Gwen's Take: The Blame Game and Other Perplexing Things
The man in my audience at Ohio University this week was exasperated. Why, he wondered, can't Washington get its act together?
I can't say I had a good answer. But it was clear that -- in Athens, Ohio, at least -- the latest budget cutting debate is going over about as well as that moment when your misbehaving children blame each other for starting it first. This is when you threaten to pull the car over.
I am, of course, talking about the sequester debate -- the plan to slice the federal budget across the board that no one wants to own, even though all sides agreed to it.
In the latest poll taken by NBC News and The Wall Street Journal, fully half of the respondents said the sequester debate is making them less confident about the nation's economic recovery. (I would personally like to meet the 16 percent who say it makes them more confident. That would be a fascinating conversation.)
But it's not so simple. Most of those surveyed -- 52 percent -- said the blunt budget axe is a bad idea, yet they could not agree on what they would prefer instead.
There's more. Thirty-nine percent said the cuts should be even deeper; 37 percent said the opposite. And although 56 percent said the president and Congress should be "working together" to avoid this latest fiscal cliff, fully 46 percent declared it is time to impose even more dramatic cuts if that's what it takes to reduce the deficit.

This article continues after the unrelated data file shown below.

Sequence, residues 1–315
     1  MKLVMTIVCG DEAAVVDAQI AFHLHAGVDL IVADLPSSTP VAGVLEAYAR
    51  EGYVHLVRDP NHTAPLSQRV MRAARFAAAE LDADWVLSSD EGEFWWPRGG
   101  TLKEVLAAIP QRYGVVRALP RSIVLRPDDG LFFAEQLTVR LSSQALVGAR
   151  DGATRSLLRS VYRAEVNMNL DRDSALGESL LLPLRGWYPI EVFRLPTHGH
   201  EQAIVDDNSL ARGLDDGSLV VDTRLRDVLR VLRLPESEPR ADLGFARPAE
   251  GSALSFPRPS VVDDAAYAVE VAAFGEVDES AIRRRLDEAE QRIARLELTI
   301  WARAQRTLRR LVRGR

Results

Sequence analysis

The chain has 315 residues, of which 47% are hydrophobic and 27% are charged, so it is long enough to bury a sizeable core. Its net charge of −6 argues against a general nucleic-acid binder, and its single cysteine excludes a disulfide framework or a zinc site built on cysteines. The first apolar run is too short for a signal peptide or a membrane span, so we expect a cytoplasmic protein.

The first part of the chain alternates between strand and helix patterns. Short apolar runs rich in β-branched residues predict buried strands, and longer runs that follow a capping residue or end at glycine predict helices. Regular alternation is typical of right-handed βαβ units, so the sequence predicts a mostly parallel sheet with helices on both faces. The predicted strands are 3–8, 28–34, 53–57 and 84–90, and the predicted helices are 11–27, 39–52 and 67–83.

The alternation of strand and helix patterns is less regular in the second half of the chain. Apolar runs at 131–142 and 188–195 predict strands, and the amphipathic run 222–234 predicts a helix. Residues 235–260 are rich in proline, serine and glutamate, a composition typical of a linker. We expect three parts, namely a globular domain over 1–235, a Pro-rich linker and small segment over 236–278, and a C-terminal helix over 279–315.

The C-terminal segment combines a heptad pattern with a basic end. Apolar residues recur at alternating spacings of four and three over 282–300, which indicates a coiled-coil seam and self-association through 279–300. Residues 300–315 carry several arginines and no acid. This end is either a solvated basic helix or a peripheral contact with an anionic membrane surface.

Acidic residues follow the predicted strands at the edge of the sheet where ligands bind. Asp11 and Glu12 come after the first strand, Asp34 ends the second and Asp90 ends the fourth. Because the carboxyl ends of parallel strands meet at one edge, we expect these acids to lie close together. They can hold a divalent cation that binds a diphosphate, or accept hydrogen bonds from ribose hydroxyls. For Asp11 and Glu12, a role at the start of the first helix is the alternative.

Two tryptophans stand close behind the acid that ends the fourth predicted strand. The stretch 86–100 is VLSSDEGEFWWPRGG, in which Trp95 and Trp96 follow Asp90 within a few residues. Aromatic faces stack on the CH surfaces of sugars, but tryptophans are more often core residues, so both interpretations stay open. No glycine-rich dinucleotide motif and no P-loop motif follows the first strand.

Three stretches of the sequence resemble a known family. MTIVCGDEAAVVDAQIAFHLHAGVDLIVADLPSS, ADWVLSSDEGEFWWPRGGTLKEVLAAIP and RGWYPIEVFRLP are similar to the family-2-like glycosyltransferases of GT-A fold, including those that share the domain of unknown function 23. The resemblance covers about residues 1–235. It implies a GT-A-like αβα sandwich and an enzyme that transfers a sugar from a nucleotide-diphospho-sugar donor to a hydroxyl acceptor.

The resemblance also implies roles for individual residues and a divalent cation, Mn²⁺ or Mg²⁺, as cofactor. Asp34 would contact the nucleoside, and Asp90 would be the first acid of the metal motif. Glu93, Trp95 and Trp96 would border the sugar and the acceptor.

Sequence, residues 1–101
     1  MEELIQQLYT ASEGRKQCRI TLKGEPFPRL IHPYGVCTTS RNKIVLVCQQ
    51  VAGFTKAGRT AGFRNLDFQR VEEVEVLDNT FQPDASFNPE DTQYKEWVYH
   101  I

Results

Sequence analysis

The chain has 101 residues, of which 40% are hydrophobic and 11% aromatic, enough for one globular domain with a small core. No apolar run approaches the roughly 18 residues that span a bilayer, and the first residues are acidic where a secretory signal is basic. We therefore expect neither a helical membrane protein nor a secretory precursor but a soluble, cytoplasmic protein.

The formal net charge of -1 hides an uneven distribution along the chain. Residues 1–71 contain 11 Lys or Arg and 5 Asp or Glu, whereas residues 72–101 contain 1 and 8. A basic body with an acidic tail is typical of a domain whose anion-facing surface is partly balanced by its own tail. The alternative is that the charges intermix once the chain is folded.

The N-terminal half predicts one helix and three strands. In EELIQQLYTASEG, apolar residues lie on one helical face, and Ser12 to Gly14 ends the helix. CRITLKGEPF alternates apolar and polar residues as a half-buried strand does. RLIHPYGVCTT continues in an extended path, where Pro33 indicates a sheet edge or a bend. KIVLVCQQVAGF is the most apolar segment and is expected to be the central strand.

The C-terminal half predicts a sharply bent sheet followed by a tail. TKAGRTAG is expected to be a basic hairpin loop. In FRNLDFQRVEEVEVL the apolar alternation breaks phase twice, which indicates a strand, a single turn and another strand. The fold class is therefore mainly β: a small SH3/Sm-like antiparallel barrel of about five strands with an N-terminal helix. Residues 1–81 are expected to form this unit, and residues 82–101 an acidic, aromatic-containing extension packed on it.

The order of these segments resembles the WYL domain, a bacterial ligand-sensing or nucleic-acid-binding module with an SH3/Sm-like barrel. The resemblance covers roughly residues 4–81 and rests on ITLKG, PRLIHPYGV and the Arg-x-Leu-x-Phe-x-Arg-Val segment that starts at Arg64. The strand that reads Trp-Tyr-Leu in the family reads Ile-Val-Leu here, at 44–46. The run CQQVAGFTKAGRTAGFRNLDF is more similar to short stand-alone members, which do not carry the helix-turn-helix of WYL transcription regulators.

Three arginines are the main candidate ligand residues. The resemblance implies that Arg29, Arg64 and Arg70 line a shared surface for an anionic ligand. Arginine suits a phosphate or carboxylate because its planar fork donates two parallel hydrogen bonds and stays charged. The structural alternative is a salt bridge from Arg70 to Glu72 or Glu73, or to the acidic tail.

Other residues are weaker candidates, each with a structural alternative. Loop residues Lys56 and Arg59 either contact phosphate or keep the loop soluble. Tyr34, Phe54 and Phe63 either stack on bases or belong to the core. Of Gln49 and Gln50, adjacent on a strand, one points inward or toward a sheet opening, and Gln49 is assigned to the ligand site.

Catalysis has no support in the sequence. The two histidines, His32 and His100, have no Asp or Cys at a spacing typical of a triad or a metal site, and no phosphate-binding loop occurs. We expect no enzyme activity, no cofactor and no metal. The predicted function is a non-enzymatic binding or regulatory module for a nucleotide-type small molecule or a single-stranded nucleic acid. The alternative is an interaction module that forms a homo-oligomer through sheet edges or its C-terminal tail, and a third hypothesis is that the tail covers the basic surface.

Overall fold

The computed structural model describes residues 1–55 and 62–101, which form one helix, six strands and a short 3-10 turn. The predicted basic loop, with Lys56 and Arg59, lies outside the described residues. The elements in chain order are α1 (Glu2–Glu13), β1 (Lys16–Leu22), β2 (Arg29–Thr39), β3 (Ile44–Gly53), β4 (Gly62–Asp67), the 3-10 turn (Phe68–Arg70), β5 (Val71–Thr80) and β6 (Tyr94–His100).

If you're confused by these mixed signals, you can begin to understand the magnitude of the political problem that runs up and down Pennsylvania Avenue.
The truth is, Congress is just as flummoxed about how to proceed as the people they represent. And with no sure guide -- or guarantee of political and fiscal Armageddon at hand -- government freezes.
As the prospect of political accountability fades, this is what happens:
Artificial deadlines - January gives way to March, which gives way to April.
Fake fights - The Washington Post reports that education secretary Arne Duncan said teachers were already losing their jobs over the budget cuts. But he was able to cite only a single pink slip, and one that had nothing to do with sequestration.
Fingerpointing - One of the more curious outcomes of all this has been the blame game. Republicans said the sequester was the president's idea, and cited a passage in a Bob Woodward book to prove it. Democrats said everyone's hands are dirty.
Then in a truly strange twist, Woodward accused a White House official (later identified as economic advisor Gene Sperling) of threatening him in advance of a story he wrote that accused the president of bad faith. Sperling's words, contained in an email, read: "I know you may not believe this, but as a friend, I think you will regret staking out that claim."
A friend? That hardly seemed threatening. But this back-and-forth managed to consume the otherwise frustrated Washington media for days.
Consequences - Pick your poison. Will flights be less secure, the nation less safe and national parks shut down as thousands of federal employees are furloughed? The administration has suggested all of these.
Is the president's hair on fire as he seeks to scare Americans into pressuring GOP lawmakers to cave by turning the dispute into a campaign-style debate? That's what Republicans are saying.
With the underlying problems left unaddressed, it's unclear who wins these types of fights. But it's a pretty good bet it won't be anyone who lives and works in Washington.